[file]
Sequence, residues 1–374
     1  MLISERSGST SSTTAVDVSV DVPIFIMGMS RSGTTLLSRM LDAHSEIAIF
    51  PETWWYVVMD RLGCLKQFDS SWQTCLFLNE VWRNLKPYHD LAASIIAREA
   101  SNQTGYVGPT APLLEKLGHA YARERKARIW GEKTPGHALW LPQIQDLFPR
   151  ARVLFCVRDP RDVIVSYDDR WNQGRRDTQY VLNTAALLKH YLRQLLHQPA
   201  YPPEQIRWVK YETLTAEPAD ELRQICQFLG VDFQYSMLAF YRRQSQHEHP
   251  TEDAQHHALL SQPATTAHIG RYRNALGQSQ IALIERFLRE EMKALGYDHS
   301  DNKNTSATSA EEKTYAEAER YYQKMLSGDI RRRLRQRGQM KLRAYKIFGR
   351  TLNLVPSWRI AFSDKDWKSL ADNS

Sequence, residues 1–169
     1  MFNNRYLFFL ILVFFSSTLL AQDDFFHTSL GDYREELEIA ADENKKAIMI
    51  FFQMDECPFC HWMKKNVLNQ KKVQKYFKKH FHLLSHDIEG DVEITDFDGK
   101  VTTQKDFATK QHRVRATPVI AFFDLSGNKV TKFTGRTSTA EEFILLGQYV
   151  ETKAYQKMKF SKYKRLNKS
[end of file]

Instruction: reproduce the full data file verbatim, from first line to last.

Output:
Sequence, residues 1–374
     1  MLISERSGST SSTTAVDVSV DVPIFIMGMS RSGTTLLSRM LDAHSEIAIF
    51  PETWWYVVMD RLGCLKQFDS SWQTCLFLNE VWRNLKPYHD LAASIIAREA
   101  SNQTGYVGPT APLLEKLGHA YARERKARIW GEKTPGHALW LPQIQDLFPR
   151  ARVLFCVRDP RDVIVSYDDR WNQGRRDTQY VLNTAALLKH YLRQLLHQPA
   201  YPPEQIRWVK YETLTAEPAD ELRQICQFLG VDFQYSMLAF YRRQSQHEHP
   251  TEDAQHHALL SQPATTAHIG RYRNALGQSQ IALIERFLRE EMKALGYDHS
   301  DNKNTSATSA EEKTYAEAER YYQKMLSGDI RRRLRQRGQM KLRAYKIFGR
   351  TLNLVPSWRI AFSDKDWKSL ADNS

Sequence, residues 1–169
     1  MFNNRYLFFL ILVFFSSTLL AQDDFFHTSL GDYREELEIA ADENKKAIMI
    51  FFQMDECPFC HWMKKNVLNQ KKVQKYFKKH FHLLSHDIEG DVEITDFDGK
   101  VTTQKDFATK QHRVRATPVI AFFDLSGNKV TKFTGRTSTA EEFILLGQYV
   151  ETKAYQKMKF SKYKRLNKS